Headfirst Slide

tring tring

It's only for emergencies. I shouldn't be using this. He said these things are never secure.

tring tring

I wonder if he'll be mad.

tring tring

Don't pick up, I beat in time with the trills. Don't pick up.


A click, cough, dry fingers rasping over the mouthpiece. "This is Victor."


A pause. I can hear his heavy breath fogging the phone line.

"Daughter," he finally hisses. He's clasped his hand over the piece and his voice echoes heavy around my ears. The old accent still grips his words, but most times he's able to control it. He says it offers up too many stereotypes; too many "fantasies".

I squirm and work my fingers in little fists. "Reb - rem," start again, "Remember to take your heart pills?"

"What is this, girl?"

Oh, he sounds angry. I knew he would be. I tremor and fall back against the wall, the bricks catching the weft of my jacket as it rides up around my neck. "You promised?"

Static - he's sighing. "To take my heart pills?"

He did, actually, just not to me - but that's not the point so I moan, "No," and slide further down the wall to the street. The tips of my shoes are dusty and worn, the grey rubber peeling off the sides like shedding skin. I think they were expensive, once.

"- get hurt."

I blink. Grunt something in the phone with a question mark at the end.

"You were not listening." His breath gets lighter, he's holding the phone away from his head while he mutters sharp out of range. I think he's swearing. He really shouldn't, it just raises his blood pressure or something.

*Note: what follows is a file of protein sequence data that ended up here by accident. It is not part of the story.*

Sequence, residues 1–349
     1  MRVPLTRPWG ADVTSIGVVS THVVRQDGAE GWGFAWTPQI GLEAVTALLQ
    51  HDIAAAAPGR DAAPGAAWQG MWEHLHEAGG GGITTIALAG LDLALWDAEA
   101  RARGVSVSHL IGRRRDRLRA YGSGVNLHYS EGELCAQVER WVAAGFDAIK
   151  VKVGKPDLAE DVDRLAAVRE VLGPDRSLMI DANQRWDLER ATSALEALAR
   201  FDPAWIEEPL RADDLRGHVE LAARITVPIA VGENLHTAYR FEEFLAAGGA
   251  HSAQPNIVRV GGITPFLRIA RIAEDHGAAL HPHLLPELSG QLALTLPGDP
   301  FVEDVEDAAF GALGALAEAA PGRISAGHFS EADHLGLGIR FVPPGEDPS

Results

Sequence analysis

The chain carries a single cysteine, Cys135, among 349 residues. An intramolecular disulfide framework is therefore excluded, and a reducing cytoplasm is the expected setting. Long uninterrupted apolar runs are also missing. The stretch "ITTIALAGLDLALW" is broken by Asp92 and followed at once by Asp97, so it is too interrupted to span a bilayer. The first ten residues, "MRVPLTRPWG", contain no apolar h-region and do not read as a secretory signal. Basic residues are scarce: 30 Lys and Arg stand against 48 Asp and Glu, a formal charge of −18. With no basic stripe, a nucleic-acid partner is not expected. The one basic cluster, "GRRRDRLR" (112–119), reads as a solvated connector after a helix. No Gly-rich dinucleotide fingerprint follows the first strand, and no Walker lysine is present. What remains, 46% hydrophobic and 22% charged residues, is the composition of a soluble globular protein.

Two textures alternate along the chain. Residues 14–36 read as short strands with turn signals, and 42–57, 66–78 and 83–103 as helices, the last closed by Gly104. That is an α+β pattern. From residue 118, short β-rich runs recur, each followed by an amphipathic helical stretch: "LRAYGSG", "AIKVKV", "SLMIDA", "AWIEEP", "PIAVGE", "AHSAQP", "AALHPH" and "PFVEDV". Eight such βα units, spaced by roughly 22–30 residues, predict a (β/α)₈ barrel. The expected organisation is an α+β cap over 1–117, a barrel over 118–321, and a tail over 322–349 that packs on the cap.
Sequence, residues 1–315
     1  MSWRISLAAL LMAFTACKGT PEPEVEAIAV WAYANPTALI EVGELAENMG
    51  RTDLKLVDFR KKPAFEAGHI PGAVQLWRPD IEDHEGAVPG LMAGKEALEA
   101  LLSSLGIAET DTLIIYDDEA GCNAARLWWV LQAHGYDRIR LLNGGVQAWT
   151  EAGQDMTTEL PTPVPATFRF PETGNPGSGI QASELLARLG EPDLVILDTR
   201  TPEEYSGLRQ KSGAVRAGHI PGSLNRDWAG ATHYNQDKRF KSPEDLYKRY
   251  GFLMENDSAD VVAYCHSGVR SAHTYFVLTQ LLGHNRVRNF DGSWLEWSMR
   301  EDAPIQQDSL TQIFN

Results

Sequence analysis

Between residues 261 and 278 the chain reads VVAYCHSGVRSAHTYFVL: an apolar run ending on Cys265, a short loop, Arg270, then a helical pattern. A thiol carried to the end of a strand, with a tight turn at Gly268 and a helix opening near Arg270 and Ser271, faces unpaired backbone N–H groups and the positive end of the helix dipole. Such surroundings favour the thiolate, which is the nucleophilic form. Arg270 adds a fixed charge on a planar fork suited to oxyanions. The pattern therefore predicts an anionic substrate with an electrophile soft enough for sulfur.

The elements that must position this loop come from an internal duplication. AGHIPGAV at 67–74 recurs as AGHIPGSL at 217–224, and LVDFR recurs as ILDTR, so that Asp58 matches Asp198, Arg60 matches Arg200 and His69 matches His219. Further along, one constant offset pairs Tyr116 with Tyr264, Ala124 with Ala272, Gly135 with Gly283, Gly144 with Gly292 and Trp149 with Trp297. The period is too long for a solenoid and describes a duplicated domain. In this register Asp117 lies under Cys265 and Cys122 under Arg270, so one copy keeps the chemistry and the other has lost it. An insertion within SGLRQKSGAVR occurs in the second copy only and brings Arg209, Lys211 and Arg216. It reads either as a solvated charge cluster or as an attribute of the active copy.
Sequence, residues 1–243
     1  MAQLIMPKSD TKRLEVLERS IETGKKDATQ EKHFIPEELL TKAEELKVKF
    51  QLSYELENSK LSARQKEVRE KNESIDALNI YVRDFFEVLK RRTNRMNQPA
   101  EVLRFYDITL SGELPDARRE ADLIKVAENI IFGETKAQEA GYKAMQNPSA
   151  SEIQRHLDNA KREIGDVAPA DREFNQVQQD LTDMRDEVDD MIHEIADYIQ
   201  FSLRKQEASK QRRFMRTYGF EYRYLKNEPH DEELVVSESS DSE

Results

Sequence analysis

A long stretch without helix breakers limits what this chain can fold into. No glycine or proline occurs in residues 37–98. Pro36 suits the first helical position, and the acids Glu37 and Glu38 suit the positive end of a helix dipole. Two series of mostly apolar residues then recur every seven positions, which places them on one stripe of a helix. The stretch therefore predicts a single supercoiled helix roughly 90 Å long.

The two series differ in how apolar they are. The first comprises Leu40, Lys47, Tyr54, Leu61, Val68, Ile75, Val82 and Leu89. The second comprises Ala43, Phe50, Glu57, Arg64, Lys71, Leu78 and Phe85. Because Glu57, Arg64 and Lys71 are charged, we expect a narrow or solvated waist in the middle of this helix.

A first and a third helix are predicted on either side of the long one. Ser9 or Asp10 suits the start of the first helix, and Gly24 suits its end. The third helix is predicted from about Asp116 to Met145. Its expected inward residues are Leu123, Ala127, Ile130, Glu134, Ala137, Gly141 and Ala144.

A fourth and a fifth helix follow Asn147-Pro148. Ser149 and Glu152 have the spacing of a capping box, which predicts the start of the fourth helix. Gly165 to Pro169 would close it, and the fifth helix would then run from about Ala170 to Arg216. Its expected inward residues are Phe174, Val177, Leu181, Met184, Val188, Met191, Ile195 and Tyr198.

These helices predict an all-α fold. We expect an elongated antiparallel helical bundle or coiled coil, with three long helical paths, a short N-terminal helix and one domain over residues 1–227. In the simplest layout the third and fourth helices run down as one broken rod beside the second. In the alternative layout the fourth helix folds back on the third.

I shiver.

"You were involved in the... incident at the bus lot last night. Do you realize how close you were to making the five o'clock report? I do not like owing favors, girl."

I swipe a sleeve across my lip, sniffing, "People are... hurting."

"None of whom you should be concerned for," he says in cold whispers. "You are lucky I treat this insubordination with such levity."

I hug my knees up tight, leaning the flesh of my throat against the cap and pressing the piece flush against my ear. He's a liar. The corners of my eyes prick hot and sharp, the breath rattling static in my nose and throat, and I know I'm going to cry.

Maybe he hears me starting to sniffle and he feels obligated to stop it, muttering something whispy I can't understand.

I hate it when he does stuff like that. He refused to teach me any Russian because he "needs to keep some secrets" away from me and I've been trying to catch up with phrases nested away from translation books ever since. He's just a liar. Daddies shouldn't be the bad guys; that kind of thing should only happen to Luke Skywalker - he can take it, he's got that saber thingy. What have I got?

A sob snags, rips. "Hyip!"

He chuckles - he really laughs at me! He knows I get the hiccups when I'm upset and he's just laughing at me!


"Poor little pup," he rumbles, "such a tiny bark. Barely knew she was there."

I quake furiously, "Joel - hyip! - red man - hyip! - I - he - hyip!"

"Little bi-"

"Shutupshutupshutup!" I jolt up and whack the phone back against the brick. It shatters in polished slivers, its innards stretch and wobble feebly with the speaker dangling like a small, black soul.

It chatters back at me before I lob it over the gutter:

"It is being taken care of, dear daughter."

The End

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